28 Feb Fuller House Review
If you were alive at all in the 90’s, you know what Full House is. There was nothing more fulfilling than getting home from school and watching the back to back episodes, waiting for that moment that John Stamos would appear on the screen. No? That was just me?
The first episode opens with the original opening theme and fades into our favourite painted lady, captioned by ’29 years later…’. As the familiar crew gathers in the classic kitchen before starting off their days, it is here that everyone’s story is explained in a somewhat over-methodical fashion. Their lives unravel in obvious over talking rather than being expressed in a natural conversation, adding a cheesiness that by far fails compared to the original scripts. A second theme song is played as each member of the regular cast is seen from season one to present day.
You learn that DJ (Candace Cameron) is now a widowed single mom of three boys whose husband died while on a call as a firefighter, Stephanie (Jodie Sweetin) has embraced the life of a globe-trotting DJ, and, as the cast disappointingly stares down the camera, it is announced that Michelle is busy with her fashion empire in New York. Kimmy is still the annoying and invasive neighbor she’s always been while her daughter seems to mimic the quirkiness of her mother’s teenage years.
The veterans of the shows were nice enough to make an appearance for the first episode; Danny (Bob Saget), Joey (Dave Coulier) and Jesse (John Stamos), alongside on-screen wife Rebecca (Lori Loughlin), are all scheduled to return to Los Angeles for respective jobs in the city, which was disappointing to say the least. What’s a Full House reboot without those four! I guess we can’t be choosy at this point. There’s even an appearance from Steve, DJ’s high school romance who is now divorced and seemingly eager to mingle with his old sweetheart.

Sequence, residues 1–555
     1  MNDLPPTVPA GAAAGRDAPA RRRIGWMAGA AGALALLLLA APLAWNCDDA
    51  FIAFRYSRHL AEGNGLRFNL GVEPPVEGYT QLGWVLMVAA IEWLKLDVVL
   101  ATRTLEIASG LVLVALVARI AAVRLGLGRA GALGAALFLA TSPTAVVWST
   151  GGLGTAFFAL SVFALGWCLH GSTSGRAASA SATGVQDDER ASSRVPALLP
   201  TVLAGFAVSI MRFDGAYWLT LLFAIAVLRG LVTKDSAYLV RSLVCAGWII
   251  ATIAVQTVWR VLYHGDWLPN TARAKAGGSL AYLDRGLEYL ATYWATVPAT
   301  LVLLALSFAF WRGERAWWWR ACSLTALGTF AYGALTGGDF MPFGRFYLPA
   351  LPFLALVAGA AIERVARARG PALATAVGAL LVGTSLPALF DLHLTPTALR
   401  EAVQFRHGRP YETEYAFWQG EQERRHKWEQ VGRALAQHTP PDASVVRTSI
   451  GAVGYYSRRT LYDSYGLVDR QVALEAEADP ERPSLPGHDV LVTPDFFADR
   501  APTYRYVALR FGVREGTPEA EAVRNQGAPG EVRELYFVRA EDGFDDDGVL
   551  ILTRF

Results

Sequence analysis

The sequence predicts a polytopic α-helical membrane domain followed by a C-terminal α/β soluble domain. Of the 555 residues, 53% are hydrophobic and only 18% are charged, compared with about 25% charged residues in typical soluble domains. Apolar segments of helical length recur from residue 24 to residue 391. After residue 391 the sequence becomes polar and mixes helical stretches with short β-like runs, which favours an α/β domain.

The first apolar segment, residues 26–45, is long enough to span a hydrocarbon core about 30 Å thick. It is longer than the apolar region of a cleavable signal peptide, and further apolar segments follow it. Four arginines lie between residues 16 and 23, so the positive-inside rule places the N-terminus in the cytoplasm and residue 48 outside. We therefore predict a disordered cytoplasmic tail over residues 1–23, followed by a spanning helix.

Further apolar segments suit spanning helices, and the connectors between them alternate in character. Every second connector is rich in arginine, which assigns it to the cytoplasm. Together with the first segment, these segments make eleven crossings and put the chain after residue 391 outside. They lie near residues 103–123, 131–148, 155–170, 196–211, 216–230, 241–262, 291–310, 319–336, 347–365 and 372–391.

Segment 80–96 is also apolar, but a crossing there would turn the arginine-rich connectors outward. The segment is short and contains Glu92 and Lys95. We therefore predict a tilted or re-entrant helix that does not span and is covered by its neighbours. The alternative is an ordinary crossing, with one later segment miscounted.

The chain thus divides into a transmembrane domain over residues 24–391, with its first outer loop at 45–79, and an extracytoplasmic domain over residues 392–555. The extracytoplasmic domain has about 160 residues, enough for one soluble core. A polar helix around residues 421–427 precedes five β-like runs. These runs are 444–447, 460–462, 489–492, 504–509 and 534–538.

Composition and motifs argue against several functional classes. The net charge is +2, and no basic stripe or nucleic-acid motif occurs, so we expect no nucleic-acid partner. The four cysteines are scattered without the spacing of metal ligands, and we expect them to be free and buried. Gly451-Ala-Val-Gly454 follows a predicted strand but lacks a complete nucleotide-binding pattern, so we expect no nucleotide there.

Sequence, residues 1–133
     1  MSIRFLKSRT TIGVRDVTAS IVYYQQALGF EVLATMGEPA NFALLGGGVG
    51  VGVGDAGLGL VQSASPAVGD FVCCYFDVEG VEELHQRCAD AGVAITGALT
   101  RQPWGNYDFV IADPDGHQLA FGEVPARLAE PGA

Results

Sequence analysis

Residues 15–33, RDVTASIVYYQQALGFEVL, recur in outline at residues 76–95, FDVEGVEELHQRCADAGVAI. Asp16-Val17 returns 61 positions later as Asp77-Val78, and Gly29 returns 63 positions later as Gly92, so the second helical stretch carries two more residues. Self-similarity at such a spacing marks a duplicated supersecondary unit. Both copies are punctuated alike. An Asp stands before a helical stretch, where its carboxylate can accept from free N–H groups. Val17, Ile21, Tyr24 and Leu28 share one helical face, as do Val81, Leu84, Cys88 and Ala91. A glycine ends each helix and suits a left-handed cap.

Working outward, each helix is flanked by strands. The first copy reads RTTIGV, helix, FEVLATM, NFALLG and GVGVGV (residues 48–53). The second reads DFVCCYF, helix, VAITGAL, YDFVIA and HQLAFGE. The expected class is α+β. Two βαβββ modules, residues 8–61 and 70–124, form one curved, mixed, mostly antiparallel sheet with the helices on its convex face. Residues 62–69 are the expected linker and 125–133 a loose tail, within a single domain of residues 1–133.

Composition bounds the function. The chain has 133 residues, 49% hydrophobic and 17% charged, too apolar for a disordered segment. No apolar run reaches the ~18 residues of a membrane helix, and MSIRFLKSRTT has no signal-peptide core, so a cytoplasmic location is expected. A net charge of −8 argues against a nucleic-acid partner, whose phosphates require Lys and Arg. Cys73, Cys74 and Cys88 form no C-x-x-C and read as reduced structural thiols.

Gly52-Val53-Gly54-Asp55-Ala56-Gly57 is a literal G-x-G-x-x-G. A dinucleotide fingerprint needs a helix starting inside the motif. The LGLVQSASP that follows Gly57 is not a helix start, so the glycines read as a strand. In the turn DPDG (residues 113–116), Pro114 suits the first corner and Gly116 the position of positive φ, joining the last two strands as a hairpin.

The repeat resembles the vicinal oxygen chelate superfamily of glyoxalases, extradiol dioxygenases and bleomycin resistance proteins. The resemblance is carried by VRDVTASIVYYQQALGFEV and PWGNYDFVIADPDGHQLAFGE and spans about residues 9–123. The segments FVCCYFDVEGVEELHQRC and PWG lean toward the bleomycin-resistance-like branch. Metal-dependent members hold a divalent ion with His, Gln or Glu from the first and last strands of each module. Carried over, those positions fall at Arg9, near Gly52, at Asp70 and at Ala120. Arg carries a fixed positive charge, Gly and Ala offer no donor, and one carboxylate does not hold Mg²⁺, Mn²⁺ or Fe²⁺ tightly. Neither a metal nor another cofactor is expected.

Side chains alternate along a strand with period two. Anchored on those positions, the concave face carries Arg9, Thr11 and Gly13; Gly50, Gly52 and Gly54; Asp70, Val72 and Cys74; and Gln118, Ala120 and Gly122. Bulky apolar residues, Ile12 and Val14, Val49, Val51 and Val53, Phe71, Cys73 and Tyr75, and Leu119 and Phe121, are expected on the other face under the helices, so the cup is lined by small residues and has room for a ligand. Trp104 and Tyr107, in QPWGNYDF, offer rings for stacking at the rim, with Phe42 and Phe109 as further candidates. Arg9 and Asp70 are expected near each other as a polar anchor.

As with common sit-com practice, the first episode was a poor attempt to set the stage, roles and dynamics early on. Now of course the producers had to tip their hat to the original series and include staples of the initial episodes. However, when all of these references and classic one-liners are sporadically dispersed throughout one episode, the gesture seems much more of a list of punch lines and significant scenes that were classic for the show than an actual series premiere of something. The set up for the overall plot is also lost amongst the return of ‘How rude’ and a split screen comparison of the original house residents reciting the Flintstone’s theme song.
The whole episode is a mishmash of old jokes, leaving us to worry that this may just be a mirror reflection of the original series with less people in the house. As with any TV reboot, we just have to wait and see how the series pans out.